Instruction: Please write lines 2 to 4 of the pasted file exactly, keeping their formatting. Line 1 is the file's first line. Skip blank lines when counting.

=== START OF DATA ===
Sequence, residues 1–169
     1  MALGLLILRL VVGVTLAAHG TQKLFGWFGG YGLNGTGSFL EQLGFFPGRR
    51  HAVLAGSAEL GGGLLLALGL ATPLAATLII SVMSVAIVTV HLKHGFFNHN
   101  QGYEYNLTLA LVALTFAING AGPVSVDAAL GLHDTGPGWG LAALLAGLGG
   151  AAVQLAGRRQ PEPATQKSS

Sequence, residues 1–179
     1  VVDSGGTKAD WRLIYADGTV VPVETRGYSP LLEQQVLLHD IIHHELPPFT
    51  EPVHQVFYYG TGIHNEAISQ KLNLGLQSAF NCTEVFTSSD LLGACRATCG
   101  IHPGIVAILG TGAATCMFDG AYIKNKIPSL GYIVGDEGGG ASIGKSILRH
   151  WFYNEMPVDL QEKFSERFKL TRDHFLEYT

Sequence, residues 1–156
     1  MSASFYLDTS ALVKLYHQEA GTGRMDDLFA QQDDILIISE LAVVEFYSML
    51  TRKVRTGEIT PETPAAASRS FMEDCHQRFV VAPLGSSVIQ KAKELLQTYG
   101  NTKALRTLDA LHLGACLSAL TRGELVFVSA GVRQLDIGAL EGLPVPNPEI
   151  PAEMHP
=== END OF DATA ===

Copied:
     1  MALGLLILRL VVGVTLAAHG TQKLFGWFGG YGLNGTGSFL EQLGFFPGRR
    51  HAVLAGSAEL GGGLLLALGL ATPLAATLII SVMSVAIVTV HLKHGFFNHN
   101  QGYEYNLTLA LVALTFAING AGPVSVDAAL GLHDTGPGWG LAALLAGLGG